Hyderabad: About 1,500 people who are in occupation of Gurukul Trust lands in Ayyappa Society and other societies on the city’s outskirts are likely to be evicted by the state government. Reason: they had not applied for regularisation of their sites. On the other hand, the lands of 2,787 applicants will be regularised thanks to the judgment delivered by the High Court recently, according to revenue officials of Rangareddy district and the urban land ceiling department.
In its verdict on Wednesday, the High Court declared that the 627-acre prime land at Khanamet near Hitec City belonged to Gurukul Trust, but said that encroachers and other occupants of residential houses be let to stay there provided they had already applied for regularisation of their lands. Those who had not would have to be evicted, it said. The money collected from applicants for land regularisation should be used to buy land in the vicinity and handed over to the trust in compensation.
The government had issued GO No. 747 on June 18, 2008, framing policy guidelines on urban lands which were declared surplus and taken possession under the provisions of the ULC Act, 1976 in urban agglomerations for allotment to those already in occupation of such lands.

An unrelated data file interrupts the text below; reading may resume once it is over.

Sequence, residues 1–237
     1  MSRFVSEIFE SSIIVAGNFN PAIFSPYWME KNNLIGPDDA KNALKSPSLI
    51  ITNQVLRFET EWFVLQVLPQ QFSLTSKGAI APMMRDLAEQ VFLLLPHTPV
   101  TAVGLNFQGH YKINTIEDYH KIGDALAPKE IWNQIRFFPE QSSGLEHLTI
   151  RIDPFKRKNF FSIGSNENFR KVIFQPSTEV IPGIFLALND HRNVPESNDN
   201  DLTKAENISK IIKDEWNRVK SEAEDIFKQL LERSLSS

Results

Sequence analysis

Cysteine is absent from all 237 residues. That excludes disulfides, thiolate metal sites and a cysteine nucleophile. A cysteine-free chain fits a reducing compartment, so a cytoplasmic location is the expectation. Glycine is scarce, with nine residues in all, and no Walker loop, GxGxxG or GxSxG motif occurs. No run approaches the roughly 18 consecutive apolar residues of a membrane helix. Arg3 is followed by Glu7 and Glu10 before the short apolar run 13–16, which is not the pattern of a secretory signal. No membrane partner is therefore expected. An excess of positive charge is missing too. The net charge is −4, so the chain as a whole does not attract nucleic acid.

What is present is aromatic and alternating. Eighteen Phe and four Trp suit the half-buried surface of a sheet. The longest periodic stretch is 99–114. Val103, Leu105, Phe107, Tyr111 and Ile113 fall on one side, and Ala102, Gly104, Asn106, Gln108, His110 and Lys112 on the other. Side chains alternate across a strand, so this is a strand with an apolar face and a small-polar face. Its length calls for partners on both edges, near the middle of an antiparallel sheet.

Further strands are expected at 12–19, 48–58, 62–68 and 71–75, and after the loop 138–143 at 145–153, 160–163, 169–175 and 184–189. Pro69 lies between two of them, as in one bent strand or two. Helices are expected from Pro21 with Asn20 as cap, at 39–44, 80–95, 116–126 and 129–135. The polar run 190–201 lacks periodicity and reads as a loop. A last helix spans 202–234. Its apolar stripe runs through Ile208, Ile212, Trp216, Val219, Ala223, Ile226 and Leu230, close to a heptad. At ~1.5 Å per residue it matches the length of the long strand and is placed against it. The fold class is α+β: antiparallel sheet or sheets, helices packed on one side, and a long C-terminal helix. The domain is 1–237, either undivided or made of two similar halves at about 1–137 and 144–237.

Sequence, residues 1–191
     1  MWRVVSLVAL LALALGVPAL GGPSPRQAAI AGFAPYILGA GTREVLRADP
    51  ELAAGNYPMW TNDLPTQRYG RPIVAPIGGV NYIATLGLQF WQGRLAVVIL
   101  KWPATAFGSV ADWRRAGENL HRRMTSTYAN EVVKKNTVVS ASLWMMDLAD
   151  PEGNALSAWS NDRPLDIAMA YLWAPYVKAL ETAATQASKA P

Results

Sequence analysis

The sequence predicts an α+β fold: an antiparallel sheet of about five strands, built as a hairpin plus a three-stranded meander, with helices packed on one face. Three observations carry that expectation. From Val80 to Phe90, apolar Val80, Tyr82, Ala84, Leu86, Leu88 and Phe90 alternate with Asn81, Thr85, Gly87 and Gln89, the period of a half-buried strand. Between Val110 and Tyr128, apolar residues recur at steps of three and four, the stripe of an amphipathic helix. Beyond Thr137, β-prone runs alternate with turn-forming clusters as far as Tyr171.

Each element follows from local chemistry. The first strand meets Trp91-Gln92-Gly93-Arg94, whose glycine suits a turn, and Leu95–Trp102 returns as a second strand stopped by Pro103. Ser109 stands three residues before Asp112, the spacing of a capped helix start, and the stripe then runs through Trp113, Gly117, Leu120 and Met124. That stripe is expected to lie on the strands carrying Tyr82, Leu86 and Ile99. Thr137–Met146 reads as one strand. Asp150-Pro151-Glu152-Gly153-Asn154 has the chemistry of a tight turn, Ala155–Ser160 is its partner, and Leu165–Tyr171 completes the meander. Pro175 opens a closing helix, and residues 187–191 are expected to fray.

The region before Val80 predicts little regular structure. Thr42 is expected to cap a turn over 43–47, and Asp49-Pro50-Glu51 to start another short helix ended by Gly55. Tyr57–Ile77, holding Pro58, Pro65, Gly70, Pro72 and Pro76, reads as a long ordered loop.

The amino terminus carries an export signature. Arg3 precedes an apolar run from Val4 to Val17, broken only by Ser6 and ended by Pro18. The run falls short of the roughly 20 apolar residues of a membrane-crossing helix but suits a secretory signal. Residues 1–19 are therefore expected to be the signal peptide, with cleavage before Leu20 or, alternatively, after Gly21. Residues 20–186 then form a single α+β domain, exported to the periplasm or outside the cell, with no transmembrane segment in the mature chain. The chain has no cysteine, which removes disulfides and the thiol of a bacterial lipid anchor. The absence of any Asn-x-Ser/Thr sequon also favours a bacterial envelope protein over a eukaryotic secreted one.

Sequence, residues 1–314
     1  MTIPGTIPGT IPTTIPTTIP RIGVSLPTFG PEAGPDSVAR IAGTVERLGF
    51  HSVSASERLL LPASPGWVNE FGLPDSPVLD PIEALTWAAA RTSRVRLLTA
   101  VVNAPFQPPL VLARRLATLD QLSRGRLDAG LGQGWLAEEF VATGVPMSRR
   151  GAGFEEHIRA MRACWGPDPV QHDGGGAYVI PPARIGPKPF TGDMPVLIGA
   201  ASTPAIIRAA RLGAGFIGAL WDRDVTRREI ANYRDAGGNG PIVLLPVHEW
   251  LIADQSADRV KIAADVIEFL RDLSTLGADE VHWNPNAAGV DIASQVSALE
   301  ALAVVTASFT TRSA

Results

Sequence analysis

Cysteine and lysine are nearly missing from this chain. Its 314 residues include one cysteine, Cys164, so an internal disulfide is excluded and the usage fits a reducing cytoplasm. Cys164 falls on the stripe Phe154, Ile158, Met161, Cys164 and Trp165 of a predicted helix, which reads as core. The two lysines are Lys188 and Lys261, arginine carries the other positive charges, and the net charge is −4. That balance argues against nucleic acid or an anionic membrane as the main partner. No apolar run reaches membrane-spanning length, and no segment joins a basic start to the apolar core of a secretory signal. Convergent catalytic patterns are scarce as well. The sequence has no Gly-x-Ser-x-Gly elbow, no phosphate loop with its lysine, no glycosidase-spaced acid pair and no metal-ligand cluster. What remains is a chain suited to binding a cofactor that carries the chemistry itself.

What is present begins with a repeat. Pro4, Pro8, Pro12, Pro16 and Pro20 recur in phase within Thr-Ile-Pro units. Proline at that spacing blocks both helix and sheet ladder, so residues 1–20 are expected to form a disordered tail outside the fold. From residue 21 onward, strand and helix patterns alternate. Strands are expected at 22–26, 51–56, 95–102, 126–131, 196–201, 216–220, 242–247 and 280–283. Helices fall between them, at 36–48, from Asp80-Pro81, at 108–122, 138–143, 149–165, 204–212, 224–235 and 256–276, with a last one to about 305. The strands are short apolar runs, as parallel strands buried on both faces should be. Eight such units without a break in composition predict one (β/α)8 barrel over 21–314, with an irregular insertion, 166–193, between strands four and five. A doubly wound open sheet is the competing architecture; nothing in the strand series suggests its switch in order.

The Gurukul Trust had huge extent of lands and the government exempted it from the ULC Act. When allegations were made that the trust was selling away the lands, the government withdrew the exemption. As a consequence, the trust’s lands became surplus under the ULC Act and were vested with the government. Individual occupants and institutions who had purchased the lands approached the government for regularisation.
Revenue officials told Express that in pursuance of the government orders, 2,737 occupants who purchased Gurukul Trust lands, which were declared surplus subsequently, through registered sale deeds filed applications by paying the requisite amount to the ULC department for allotment and regularisation and deposited Rs 86.49 crore.
The registered transactions of purchase of surplus lands/primary documents that took place prior to the date of adoption of Urban Land (Ceiling & Regulation) Repeal Act, 1999 (March 27, 2008) was considered for regularisation under these orders. The applicants who paid for regularisation hailed the court verdict as their three-decade-long legal fight has almost come to an end and all hurdles to land regularisation have gone. Some members of societies even distributed sweets among themselves and burst fire-crackers.
For allotment of the ceiling-surplus lands to the extent of 627 acres at Khanamet (Survey Nos 11/2 to 36, 38, 43 to 49) and at Izzatnagar (Survey Nos 5/1 to 23) situated near Hitec City in Serilingampally mandal, Rs 2,850 per square metre was paid by applicants who have a land of 1,001 to 3,000 sq.mtrs, Rs 1,425 per sq. mtr by those who have 301 to 1,000 sq.mtrs and Rs 950 a sqm by those who have an extent less than 300 sqm.
The proceeds of the regularisation will be given to the Gurukul Trust for carrying out its declared charitable activities for which it was formed. The trust was formed to feed orphans, provide education to destitutes, protect the cow and propagate Sanatana Dharma. GHMC officials told Express that the lands were disputed and came under the ULC Act and the GHMC, therefore, did not regularise the buildings there under the schemes (BRS and LRS).